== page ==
Persisting high prevalence of pneumococcal carriage among HIV-infected adults receiving antiretroviral therapy in Malawi:a cohort study

Heinsbroek, Ellen and Tafatatha, Terence and Phiri, Amos and Ngwira, Bagrey and Crampin, Amelia C and Read, Jonathan M. and French, Neil (2015) Persisting high prevalence of pneumococcal carriage among HIV-infected adults receiving antiretroviral therapy in Malawi:a cohort study. AIDS, 29 (14). pp. 1837-1844. ISSN 0269-9370

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Abstract

OBJECTIVE: HIV-infected adults have high rates of pneumococcal carriage and invasive disease. We investigated the effect of antiretroviral therapy (ART) on pneumococcal carriage in HIV-infected adults prior to infant pneumococcal conjugate vaccine (PCV) rollout. DESIGN: Observational cohort study. METHODS: We recruited HIV-infected adults newly attending a rural HIV clinic in northern Malawi between 2008 and 2010. Nasopharyngeal samples were taken at baseline and after 6, 12, 18 and 24 months. We compared pneumococcal carriage by ART status using generalized estimated equation models adjusted for CD4 cell count, sex, seasonality, and other potential confounders. RESULTS: In total, 336 individuals were included, of which 223 individuals started ART during follow-up. Individuals receiving ART had higher pneumococcal carriage than individuals not receiving ART (25.9 vs. 19.8%, P = 0.03) particularly for serotypes not included in PCV13 (16.1 vs. 9.6% P = 0.003). Following adjustment, increased carriage of non-PCV13 serotypes was still observed for individuals on ART, but results for all serotypes were nonsignificant [all serotypes: adjusted risk ratio (aRR) 1.22 (0.95-1.56); non-PCV13 serotypes: aRR 1.72, 95% CI 1.13-2.62]. CONCLUSION: Pneumococcal carriage in HIV-infected adults in Malawi remained high despite use of ART, consistent with failure of mucosal immune reconstitution in the upper respiratory tract. There was evidence of increased carriage of non-PCV13 serotypes. HIV-infected adults on ART could remain an important reservoir for pneumococcal diversity post infant pneumococcal vaccine introduction. Control of pneumococcal disease in African HIV remains a priority.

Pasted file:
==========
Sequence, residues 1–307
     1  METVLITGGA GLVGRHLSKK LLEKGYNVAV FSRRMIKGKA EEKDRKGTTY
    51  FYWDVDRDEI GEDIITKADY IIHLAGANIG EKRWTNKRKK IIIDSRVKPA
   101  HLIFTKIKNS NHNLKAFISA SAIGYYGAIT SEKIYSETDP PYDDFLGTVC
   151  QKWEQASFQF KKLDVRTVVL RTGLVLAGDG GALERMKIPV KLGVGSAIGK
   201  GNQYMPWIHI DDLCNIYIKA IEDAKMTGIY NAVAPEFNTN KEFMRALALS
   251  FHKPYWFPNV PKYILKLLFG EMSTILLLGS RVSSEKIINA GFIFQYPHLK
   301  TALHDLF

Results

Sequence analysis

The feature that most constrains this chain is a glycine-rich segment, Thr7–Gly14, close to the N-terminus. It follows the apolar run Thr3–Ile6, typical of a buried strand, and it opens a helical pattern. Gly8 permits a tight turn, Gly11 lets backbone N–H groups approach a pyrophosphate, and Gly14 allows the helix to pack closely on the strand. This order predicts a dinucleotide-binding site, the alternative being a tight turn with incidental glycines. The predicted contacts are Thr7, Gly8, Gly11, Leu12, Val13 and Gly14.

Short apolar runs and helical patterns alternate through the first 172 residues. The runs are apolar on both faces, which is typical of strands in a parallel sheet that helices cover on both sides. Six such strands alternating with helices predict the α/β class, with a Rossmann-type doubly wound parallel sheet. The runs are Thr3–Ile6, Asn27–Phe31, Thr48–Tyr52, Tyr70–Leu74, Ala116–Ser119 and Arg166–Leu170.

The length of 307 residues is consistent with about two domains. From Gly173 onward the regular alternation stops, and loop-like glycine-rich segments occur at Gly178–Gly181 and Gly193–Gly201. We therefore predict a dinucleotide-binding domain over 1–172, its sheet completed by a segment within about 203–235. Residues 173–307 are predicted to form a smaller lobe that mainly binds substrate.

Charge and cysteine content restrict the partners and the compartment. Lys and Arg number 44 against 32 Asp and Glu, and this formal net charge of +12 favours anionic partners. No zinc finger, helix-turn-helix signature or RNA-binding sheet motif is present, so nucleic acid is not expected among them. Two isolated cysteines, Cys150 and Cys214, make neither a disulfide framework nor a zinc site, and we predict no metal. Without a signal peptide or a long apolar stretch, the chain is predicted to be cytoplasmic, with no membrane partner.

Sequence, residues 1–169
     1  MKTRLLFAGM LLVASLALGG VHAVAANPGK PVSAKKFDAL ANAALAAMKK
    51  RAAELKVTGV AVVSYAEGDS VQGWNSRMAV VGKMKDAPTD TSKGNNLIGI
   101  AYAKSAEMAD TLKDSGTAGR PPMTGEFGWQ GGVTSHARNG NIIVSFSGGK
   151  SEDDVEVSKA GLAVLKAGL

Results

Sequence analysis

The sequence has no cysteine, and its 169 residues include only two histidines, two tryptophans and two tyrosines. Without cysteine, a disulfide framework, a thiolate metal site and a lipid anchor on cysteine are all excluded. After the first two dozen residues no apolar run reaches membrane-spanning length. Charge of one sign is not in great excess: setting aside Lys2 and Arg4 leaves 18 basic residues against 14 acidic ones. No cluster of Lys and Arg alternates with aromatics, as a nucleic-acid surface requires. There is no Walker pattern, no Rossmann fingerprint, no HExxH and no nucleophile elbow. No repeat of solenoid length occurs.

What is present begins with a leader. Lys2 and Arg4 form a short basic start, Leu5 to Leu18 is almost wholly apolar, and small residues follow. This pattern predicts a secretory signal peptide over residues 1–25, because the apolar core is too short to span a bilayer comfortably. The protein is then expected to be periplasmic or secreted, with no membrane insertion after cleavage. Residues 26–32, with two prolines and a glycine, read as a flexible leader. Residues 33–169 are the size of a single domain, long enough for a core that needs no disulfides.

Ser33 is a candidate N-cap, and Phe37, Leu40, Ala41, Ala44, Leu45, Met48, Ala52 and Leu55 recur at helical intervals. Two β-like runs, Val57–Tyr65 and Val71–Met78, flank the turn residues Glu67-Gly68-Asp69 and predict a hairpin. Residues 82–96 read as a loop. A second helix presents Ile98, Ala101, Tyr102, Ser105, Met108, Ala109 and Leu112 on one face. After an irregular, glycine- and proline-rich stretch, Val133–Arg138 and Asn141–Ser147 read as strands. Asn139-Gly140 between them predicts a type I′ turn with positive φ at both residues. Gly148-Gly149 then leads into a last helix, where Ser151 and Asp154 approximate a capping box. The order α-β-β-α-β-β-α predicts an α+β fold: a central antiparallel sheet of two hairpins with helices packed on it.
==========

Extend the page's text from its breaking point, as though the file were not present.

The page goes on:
Item Type:
Journal Article
Journal or Publication Title:
AIDS
Additional Information:
ISSN 0269-9370 Copyright Q 2015 Wolters Kluwer Health, Inc. All rights reserved. This is an open access article distributed under the Creative Commons Attribution License 4.0, which permits unrestricted use, distribution, and reproduction in any medium, provided the original work is properly cited.
Uncontrolled Keywords:
/dk/atira/pure/subjectarea/asjc/2400/2403
Subjects:
ID Code:
78639
Deposited By:
Deposited On:
10 Jun 2016 15:30
Refereed?:
Yes
Published?:
Published
Last Modified:
31 Mar 2020 03:58